How troubled Japanese firms, like Toshiba, manage to survive
By Karishma Vaswani
"What else are you hiding?" screamed journalists at Toshiba executives, according to this reporter's tweet from Tokyo.
From a cancelled earnings announcement, to a chairman resigning, to a shambolic shouting match between executives and reporters at a hastily organised press conference – it would be fair to say that Toshiba is facing a sorry state of affairs.
Toshiba has now confirmed that it will ask for another month before it releases its earnings - but it has issued a preliminary report warning of losses worth some US$ 3.4bn.
Many analysts are concerned that this is a sign of far worse things to come.
"It's really unheard of in Japan to miss your planned earnings announcement," Marc Einstein with Frost and Sullivan told me.
"Timing and being on time is sacred in Japanese business culture – so things must be considerably worse than anticipated."
So what's gone wrong at Toshiba – once a poster child for post-war industrial Japan, now a company that hasn't made a profit since 2013?
Tosh in trouble
Behind the well publicised problems at the firm is a "disastrous" management, says Amir Anvarzadeh of BGC Partners in Singapore.
Part of the problem is also the fact that these massive Japanese companies know they can rely on the government to bail them out.
"The government will almost certainly intervene to rescue the firm," adds Mr. Anvarzadeh. "They allowed TEPCO to survive, so they're going to allow this to survive. What they should do is let it die."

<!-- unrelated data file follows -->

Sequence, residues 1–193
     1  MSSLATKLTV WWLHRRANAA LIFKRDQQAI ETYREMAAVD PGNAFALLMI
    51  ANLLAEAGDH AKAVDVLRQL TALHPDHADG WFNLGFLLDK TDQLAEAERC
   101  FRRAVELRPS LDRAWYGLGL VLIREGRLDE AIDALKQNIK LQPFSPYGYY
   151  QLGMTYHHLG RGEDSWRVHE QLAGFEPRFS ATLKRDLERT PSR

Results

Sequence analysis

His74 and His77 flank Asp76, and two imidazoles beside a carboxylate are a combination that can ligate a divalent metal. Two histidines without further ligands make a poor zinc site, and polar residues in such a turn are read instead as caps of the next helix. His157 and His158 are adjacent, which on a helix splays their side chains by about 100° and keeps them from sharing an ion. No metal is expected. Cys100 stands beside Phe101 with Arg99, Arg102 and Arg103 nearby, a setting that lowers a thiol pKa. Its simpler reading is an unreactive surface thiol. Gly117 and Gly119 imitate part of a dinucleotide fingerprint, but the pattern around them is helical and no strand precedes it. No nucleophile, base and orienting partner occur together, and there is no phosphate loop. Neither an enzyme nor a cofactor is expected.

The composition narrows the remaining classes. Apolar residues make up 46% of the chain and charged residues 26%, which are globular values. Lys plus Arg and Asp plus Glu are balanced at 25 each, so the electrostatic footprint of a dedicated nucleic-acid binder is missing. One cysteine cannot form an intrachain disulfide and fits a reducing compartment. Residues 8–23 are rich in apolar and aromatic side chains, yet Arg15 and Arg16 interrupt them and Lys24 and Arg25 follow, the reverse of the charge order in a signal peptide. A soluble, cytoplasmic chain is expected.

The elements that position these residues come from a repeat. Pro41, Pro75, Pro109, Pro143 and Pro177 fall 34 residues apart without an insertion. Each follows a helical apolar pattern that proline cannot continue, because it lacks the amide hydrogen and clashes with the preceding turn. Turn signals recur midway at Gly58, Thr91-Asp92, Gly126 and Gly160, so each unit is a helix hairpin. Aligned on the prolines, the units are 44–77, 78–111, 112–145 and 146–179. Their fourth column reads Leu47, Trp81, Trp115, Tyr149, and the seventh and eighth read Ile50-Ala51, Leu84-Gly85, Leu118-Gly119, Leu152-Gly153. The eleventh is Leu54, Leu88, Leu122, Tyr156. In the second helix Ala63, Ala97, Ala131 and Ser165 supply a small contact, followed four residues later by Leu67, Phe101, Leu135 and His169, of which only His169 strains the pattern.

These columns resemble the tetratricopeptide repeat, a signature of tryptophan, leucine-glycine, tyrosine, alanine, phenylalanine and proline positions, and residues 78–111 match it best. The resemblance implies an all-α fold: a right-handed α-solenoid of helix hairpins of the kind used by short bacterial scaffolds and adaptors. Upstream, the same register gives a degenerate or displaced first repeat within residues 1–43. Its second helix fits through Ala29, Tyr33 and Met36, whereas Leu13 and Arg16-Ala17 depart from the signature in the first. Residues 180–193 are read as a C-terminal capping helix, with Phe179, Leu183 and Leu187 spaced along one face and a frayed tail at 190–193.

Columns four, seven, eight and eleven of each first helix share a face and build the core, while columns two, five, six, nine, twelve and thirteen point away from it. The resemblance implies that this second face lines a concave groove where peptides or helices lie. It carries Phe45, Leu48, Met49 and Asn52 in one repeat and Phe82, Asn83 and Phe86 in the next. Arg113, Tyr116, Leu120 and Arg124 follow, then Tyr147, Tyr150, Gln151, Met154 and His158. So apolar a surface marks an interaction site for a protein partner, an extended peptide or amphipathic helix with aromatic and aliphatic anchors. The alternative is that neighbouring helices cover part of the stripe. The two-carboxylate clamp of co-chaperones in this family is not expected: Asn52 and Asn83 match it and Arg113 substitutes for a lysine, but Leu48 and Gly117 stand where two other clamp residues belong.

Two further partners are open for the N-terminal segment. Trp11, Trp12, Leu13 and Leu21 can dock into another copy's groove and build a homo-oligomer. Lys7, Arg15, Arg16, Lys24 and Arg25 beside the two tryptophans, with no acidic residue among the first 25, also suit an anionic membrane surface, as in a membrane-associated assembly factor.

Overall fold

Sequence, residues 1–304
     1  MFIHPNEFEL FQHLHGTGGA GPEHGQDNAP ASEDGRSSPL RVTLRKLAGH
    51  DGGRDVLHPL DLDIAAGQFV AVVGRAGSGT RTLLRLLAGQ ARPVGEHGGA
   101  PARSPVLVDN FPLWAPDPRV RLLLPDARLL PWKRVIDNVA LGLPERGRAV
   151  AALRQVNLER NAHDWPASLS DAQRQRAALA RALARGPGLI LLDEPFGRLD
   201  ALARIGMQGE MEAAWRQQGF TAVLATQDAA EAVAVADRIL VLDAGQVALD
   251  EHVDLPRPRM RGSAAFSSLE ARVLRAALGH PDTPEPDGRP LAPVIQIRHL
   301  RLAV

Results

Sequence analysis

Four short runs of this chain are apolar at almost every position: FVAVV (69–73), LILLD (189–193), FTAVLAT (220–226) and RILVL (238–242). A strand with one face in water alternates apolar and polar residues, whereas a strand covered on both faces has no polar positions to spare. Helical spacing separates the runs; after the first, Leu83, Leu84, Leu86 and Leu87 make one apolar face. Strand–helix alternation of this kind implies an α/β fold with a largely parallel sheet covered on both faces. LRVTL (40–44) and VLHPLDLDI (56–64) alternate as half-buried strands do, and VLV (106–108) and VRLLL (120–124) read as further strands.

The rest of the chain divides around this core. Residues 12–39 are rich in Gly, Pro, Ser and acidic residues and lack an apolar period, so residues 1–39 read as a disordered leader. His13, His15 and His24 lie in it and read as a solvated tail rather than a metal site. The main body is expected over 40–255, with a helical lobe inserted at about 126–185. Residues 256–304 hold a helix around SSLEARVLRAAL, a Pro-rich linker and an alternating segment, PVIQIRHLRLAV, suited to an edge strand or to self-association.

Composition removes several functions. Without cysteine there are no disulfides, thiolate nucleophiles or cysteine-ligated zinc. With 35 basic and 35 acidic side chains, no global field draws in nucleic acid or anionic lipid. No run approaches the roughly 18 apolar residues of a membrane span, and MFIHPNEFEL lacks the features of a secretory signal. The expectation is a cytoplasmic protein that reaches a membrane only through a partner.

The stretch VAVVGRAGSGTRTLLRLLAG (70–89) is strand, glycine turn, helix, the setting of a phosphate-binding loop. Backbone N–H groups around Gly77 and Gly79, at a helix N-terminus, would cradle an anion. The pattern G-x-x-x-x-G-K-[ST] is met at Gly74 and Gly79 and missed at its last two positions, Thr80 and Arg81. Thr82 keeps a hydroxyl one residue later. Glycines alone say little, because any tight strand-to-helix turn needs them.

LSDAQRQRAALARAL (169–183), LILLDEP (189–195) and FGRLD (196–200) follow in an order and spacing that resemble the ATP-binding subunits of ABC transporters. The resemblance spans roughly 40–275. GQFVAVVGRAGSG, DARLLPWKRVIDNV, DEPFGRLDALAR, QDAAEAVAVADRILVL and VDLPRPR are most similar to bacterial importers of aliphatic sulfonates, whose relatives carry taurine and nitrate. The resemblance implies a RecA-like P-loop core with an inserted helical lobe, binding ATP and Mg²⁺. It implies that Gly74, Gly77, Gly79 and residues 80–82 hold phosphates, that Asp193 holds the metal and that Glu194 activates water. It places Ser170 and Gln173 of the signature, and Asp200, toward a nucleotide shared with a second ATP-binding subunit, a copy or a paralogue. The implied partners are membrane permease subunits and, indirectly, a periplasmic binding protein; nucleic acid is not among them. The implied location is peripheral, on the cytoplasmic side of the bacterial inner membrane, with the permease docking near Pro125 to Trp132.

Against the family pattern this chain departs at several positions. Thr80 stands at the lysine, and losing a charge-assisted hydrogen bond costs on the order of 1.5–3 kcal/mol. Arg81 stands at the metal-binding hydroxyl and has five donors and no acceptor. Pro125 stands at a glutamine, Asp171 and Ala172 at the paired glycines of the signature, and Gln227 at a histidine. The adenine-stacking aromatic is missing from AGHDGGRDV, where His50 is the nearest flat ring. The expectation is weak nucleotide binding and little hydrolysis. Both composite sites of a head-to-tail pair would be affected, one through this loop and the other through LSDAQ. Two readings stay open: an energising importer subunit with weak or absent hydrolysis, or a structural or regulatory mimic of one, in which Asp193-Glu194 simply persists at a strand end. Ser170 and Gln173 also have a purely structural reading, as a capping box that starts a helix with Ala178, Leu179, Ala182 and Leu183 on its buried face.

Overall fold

That's a scenario though that's probably hard for Japan's policy makers to stomach – especially given the number of people Toshiba employs - more than 180,000 people around the world.
It's not just Toshiba that's in this mess, as I've written about before, Sharp, Takata and Mitsubishi are just a few recent examples of shambolic goings ons at Japan Inc, and are all massive employers too.
But Toshiba is as good an example as any of what's wrong.
It's not making money and lied about that. It's made bad investments, and it's lied about how well those investments are doing.
It's consistently failed to provide solutions for what is in effect a failing business.
And yet it – and others like it – survive, partly because of government support and a reluctance to let big firms fail, and partly because of the fiscal environment in Japan.
"Debt in Japan is almost free," says Mr. Einstein, "So, it's not been difficult for Toshiba or for any company in Japan to keep the lights on. There are questions about whether that should change – but because it hasn't there's no incentive for Japanese companies to change their behaviour."
Killing me softly
Like most things in Japan then, it links back to the government and the three arrows of Abenomics – the third arrow being structural reforms of Japan INC.
Prime Minister Shinzo Abe has been criticised for not pushing Corporate Japan to change more – fearful of upsetting the tight nexus between politics and business that exists.
But there's a bigger problem: what Zombie companies do to the Japanese economy.
Imagine for a moment that you're a nimble young entrepreneur in Tokyo, hoping to strike it big. But what would be the point if everything you've been taught about business – making products that people buy, turning a profit, keeping your books in order - are completely ignored by the government and big industrial giants?
You're playing by the rules, but the big boys aren't – which means there's no level playing field for smaller players.
Consistently providing Japan's failing firms with avenues to capital and bailing them out won't achieve the stated goals of Mr. Abe's new vision for an entrepreneurial, innovative Japan.